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To Our Beth El Family,
“Ashrei ha’am yodei t’rua Happy are the people who know the call of the shofar!” Thus begins the Shofar service on Rosh Hashana*. The blast of shofar is not the most pleasant sound. It is loud and piercing. So why does the Psalmist call the listener happy?
The shofar calls us to return. On a physical level that means returning to spend the holidays with loved ones and with community. That call brings us great joy. Indeed, we look forward to welcoming you home to Beth El for the holidays.
The shofar speaks on a spiritual level as well. Its broken notes, called shevarim, express in sounds beyond words the brokenness we see and feel in our world. Sometimes that is overwhelming. And yet, shevarim are surrounded by the whole note of the t’kia. The holidays invite us to consider the many blessings in our lives. They inspire us to reset our vision for the wholeness we seek in our world. In the face of great challenges, therefore, the shofar is the sound of hope. And to
that, we say, “Ashrei.”
Finally, for us this year, the shofar holds special meaning. In biblical times, the shofar was used to make special announcements. This year, the shofar will announce the coming of Beth El’s 100th birthday. That is reason enough to say, “Ashrei!” We are excited to approach this milestone. Over the coming year, we will share with you plans for celebrating. But the shofar is more than a birthday blast inviting us to party. It calls on each of us to do our part to secure our community’s future- to repair that which is broken, to strive for wholeness and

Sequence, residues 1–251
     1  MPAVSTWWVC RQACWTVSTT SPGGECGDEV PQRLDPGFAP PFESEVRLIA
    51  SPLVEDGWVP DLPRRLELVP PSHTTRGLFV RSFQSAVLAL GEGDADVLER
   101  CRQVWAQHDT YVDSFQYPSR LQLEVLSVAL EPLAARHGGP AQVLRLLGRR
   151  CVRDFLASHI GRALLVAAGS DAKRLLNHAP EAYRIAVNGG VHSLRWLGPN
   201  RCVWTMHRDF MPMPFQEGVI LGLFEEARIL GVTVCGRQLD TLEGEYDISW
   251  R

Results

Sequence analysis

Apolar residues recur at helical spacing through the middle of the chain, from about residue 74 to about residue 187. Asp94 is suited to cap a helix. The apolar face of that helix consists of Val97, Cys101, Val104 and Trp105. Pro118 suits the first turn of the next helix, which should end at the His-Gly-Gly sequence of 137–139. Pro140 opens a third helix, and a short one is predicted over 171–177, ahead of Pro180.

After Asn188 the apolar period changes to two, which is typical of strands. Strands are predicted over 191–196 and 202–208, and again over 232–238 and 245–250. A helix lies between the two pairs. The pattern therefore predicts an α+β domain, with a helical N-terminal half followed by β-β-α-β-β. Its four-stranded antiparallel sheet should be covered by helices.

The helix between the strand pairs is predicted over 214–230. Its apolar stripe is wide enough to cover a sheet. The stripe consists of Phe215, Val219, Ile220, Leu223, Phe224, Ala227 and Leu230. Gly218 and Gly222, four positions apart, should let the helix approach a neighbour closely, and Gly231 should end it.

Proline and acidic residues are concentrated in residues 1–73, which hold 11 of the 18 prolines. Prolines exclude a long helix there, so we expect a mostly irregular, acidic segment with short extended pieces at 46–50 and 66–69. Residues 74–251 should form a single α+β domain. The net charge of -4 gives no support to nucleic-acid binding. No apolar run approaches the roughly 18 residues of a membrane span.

A new year awaits! May the shofar herald a year of blessing. We wish you and your loved ones a good, healthy, and peaceful New Year.
*note this year, the shofar will first be sounded on Sunday, not on Shabbat.